Saturday, December 31, 2016

Ready To Ring In A New Year

I'm not gonna lie. 2016 was the worst year of my life. But it was also the year of grace that I spent with my daughter before she died, so I'll cherish that forever. Even so, I'm ready to rip 2016 from the calendar and get on with 2017.

My prayer for you, dear reader, is that 2017 will be filled with blessings…and when trials come, as they always do, you’ll seek the solace of Christ’s peace (John 14:27) that carries us even in the hardest of times. God bless you all.

In Memoriam, [Ring out, wild bells]

Ring out, wild bells, to the wild sky,
   The flying cloud, the frosty light:
   The year is dying in the night;
Ring out, wild bells, and let him die.

Ring out the old, ring in the new,
   Ring, happy bells, across the snow:
   The year is going, let him go;
Ring out the false, ring in the true.

Ring out the grief that saps the mind
   For those that here we see no more;
   Ring out the feud of rich and poor,
Ring in redress to all mankind.

Ring out a slowly dying cause,
   And ancient forms of party strife;
   Ring in the nobler modes of life,
With sweeter manners, purer laws.

Ring out the want, the care, the sin,
   The faithless coldness of the times;
   Ring out, ring out my mournful rhymes
But ring the fuller minstrel in.

Ring out false pride in place and blood,
   The civic slander and the spite;
   Ring in the love of truth and right,
Ring in the common love of good.

Ring out old shapes of foul disease;
   Ring out the narrowing lust of gold;
   Ring out the thousand wars of old,
Ring in the thousand years of peace.

Ring in the valiant man and free,
   The larger heart, the kindlier hand;
   Ring out the darkness of the land,
Ring in the Christ that is to be. 
         ~Lord Alfred Tennyson, 1809–1892~

Therefore, if anyone is in Christ, he is a new creation; old things have passed away; behold, all things have become new. 2 Corinthians 5:17 NKJV 

Thus says the Lord, who makes a way in the sea and a path through the mighty waters, “Do not remember the former things, nor consider the things of old. Behold, I will do a new thing, now it shall spring forth; Shall you not know it? I will even make a road in the wilderness and rivers in the desert.” Isaiah 43:16, 18-19 NKJV 

Do you have a favorite Bible verse or poem that inspires you? I’d love to hear it! Share it in the comments for everyone to enjoy.

If you have a prayer need, please leave a comment or email me confidential requests.

Happy New Year!

God bless,
Laura


FREE Kindle download December 31, 2016 through January 1, 2017.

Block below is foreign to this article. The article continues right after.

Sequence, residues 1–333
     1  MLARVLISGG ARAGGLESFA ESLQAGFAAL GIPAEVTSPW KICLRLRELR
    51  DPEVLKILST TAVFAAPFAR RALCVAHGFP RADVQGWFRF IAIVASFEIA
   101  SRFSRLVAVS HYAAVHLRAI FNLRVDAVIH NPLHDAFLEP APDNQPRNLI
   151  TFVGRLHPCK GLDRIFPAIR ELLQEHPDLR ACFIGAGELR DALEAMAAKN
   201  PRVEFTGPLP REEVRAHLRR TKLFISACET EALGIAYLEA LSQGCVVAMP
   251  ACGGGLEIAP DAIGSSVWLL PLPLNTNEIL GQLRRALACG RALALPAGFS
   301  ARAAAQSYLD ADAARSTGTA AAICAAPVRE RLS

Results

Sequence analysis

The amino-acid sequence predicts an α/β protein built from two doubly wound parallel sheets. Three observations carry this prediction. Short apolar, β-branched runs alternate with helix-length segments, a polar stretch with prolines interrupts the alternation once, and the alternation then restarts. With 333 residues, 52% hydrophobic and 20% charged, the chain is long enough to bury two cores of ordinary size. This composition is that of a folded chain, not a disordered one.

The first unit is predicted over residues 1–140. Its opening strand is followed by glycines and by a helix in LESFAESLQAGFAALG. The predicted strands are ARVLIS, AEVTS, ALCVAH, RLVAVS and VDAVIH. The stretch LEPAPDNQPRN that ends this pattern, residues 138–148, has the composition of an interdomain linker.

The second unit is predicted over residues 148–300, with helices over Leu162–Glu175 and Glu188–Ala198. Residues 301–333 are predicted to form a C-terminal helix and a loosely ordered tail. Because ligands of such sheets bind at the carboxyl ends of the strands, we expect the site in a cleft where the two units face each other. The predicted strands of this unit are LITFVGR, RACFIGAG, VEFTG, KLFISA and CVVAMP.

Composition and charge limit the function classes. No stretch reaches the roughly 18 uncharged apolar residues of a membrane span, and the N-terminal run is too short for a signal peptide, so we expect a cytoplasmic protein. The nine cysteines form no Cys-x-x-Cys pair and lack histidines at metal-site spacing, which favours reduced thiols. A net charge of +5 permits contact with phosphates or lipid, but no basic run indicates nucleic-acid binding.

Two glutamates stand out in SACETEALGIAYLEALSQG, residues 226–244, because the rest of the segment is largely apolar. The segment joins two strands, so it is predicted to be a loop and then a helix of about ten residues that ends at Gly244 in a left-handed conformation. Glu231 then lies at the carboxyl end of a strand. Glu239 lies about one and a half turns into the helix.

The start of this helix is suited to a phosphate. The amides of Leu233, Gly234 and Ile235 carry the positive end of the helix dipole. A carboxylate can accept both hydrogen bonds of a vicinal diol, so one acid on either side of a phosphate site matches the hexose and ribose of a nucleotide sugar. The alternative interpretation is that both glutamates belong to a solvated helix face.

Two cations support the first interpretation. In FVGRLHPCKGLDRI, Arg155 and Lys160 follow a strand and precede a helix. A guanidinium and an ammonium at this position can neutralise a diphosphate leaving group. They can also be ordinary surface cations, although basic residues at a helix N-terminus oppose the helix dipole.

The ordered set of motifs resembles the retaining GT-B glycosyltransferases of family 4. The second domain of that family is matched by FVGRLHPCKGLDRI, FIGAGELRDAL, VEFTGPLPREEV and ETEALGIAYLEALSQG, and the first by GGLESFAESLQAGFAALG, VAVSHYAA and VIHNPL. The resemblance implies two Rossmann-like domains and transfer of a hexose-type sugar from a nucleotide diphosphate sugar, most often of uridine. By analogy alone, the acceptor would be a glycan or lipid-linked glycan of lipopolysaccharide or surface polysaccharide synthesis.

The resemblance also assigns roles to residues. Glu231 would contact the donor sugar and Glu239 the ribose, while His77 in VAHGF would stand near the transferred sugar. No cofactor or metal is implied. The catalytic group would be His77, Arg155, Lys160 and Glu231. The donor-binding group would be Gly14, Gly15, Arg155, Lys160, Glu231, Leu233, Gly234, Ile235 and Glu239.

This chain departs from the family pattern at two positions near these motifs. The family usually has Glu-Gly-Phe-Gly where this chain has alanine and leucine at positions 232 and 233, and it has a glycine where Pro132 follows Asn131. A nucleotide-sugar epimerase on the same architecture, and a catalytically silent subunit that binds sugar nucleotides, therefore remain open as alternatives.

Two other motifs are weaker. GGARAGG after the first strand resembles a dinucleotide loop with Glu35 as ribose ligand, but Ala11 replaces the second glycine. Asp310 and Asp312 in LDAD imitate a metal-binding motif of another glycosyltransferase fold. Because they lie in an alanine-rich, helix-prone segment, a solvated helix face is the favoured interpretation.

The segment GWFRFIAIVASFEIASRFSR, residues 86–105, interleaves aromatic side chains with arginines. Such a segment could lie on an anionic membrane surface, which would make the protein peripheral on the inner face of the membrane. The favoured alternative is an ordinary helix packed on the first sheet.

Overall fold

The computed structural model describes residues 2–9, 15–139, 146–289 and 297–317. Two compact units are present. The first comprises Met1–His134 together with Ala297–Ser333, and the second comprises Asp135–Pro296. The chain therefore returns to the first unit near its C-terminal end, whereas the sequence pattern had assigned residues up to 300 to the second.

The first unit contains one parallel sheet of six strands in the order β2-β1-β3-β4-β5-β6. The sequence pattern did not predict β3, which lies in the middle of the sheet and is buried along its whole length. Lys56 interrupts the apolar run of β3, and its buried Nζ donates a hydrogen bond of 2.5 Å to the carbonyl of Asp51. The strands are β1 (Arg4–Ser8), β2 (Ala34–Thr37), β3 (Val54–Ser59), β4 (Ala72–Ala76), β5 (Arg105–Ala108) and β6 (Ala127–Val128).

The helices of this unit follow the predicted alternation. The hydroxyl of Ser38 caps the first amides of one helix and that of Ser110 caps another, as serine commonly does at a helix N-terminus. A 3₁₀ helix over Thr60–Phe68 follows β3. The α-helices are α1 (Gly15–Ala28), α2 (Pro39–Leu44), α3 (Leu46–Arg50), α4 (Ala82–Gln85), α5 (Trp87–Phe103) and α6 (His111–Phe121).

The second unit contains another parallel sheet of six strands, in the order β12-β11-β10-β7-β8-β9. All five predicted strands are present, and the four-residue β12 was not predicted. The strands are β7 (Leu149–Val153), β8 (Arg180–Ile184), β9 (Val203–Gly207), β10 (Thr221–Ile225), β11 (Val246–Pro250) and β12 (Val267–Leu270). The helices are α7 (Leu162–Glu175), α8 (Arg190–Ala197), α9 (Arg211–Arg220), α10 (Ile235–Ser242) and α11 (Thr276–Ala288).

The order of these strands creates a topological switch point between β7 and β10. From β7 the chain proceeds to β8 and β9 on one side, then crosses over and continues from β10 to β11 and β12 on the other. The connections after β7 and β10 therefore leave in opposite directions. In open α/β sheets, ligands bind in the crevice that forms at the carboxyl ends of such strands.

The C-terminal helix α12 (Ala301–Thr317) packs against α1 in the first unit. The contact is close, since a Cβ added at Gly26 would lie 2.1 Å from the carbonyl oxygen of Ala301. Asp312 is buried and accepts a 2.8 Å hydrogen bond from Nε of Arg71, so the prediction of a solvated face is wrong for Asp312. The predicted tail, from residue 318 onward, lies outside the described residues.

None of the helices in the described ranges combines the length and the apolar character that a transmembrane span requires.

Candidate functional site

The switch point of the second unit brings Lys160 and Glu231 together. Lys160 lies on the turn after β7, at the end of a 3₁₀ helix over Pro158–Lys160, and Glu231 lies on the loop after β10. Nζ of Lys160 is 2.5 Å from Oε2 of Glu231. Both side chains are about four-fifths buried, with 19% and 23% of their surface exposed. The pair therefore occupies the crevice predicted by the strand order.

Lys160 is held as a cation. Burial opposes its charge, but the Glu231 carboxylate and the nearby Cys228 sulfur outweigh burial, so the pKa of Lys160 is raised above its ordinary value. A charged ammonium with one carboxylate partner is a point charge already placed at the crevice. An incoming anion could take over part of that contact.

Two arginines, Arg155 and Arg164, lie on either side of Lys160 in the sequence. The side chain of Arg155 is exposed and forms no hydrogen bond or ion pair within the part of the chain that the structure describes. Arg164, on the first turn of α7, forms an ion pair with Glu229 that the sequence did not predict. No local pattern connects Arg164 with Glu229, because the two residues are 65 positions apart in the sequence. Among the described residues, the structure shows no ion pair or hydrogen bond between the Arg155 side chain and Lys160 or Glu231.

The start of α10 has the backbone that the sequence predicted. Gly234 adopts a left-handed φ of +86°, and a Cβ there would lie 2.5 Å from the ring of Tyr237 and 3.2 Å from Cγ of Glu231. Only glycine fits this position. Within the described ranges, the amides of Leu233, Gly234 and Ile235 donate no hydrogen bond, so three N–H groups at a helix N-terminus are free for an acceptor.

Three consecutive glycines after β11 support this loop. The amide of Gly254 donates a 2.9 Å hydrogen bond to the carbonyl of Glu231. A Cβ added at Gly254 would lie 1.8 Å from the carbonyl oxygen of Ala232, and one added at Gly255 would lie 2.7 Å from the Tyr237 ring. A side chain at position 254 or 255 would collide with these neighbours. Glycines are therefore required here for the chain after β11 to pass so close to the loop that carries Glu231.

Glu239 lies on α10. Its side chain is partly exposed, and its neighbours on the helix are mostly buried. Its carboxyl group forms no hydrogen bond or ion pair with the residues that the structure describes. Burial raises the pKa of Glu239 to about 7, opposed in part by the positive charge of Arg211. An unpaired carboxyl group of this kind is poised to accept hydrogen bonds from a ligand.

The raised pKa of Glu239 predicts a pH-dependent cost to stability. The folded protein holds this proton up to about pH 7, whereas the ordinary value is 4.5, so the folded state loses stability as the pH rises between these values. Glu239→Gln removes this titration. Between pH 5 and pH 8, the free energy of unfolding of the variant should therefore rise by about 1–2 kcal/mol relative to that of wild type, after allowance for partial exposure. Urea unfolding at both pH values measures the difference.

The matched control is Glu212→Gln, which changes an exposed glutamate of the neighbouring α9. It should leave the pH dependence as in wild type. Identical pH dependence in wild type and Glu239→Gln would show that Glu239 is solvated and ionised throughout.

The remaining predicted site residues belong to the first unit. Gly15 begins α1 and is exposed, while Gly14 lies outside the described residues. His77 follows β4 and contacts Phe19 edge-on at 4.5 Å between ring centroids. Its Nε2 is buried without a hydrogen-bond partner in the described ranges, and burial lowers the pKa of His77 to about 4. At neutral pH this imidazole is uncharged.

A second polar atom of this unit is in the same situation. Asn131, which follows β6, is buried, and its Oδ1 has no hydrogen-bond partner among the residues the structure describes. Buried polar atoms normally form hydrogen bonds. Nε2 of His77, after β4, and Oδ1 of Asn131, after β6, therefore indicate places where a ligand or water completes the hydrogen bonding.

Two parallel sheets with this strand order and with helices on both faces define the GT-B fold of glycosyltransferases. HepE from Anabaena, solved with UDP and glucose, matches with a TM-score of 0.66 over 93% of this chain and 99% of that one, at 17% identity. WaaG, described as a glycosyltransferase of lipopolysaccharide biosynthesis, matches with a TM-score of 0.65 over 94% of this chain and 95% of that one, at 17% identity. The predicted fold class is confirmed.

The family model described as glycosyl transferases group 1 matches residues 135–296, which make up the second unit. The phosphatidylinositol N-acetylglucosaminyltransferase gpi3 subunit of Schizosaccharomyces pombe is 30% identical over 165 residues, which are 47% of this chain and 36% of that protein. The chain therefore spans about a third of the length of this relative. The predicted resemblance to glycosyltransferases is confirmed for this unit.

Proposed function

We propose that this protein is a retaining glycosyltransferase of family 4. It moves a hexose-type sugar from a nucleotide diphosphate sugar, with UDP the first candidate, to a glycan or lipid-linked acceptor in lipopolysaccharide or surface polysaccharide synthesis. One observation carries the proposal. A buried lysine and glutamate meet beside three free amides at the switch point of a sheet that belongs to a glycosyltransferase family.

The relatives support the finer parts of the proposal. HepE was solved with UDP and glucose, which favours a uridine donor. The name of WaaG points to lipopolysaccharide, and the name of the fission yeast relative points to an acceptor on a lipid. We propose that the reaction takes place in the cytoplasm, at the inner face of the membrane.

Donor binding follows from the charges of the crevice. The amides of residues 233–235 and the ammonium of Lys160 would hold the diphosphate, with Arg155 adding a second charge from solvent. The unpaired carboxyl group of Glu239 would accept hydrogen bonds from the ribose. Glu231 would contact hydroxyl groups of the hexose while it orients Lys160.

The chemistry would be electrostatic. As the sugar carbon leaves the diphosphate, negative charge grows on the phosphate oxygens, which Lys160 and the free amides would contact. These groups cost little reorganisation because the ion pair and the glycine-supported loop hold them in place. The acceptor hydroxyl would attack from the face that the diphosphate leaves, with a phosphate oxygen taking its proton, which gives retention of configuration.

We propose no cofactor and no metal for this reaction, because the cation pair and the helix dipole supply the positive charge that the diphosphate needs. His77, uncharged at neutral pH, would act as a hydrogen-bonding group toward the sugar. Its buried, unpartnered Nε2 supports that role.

From the time she was a child, Carly Shepherd has gazed at the silent stars in the night sky of her home town of Bethlehem, North Carolina. With her childhood overshadowed by her father’s abandonment and mother’s alcoholism, she wonders how anyone can believe in an equally silent God. After all, she’s not felt his presence any more than her earthly father. Though she remembers Christmas pageants and attending church as a child, she no longer has any use for what she considers fairy tales.

Drew Middleton is seeking shelter from a rain storm when he walks into Carly’s vendor tent at a fall festival, but he’s quickly taken with the talented artist and her creations. Feeling an instant connection, Carly is confused by her feelings, especially when she realizes his spiritual commitment.

Dealing with a wayward brother and career opportunities that may require relocation, Drew knows now is not the best time to begin a relationship, especially with someone who doesn’t share his faith.

Carly’s past and their chance of future together collide when she’s snared into refurbishing sets for a Christmas pageant with Drew’s help. Will Drew’s love and their shared experience bring about a spiritual awakening in Carly this Christmas? Or will time run out as the stars continue to shine silently over Bethlehem? 

Click here to get your FREE kindle download now. 

Fireworks Celebration and the City Night Light image courtesy of Areeya/FreeDigitalPhotos.net.

Thursday, December 8, 2016

My Dr Seuss Tree

I made a pact with myself today.

I’m not going to cry. For one day. No tears.

After thinking about Christmas and what it’s always meant—the family traditions and celebrating Christ’s birth—I decided maybe I could do a Christmas tree after all.

Trouble is I didn’t want to put up a big traditional tree so late. It’s a lot of work, and my energy level is unpredictable from one moment to the next.

So in the pouring rain, I decided to go to Lowe’s and see if they had live trees. Maybe even a Charlie Brown tree. J I could picture in my mind what I wanted, and when I walked through the front door of the store, there on the left sat a display of live Norfolk Island pines almost four feet tall. Glitter had been sprinkled their branches.

Perfect!

I hefted one into my shopping cart, added a $2 strand of lights to the purchase, and headed home.

After finding something to place the tree on to give it more height, I went up into the attic and sorted through our ornaments. I carefully selected a few that held special meaning. An angel Josh bought me when he was about ten years old, little wooden ornaments my in-laws bought us when Lindsay was just a baby, some from Pigeon Forge that Lindsay had helped pick out when she was six, and a few others that would hang gently from the small branches of our Christmas tree.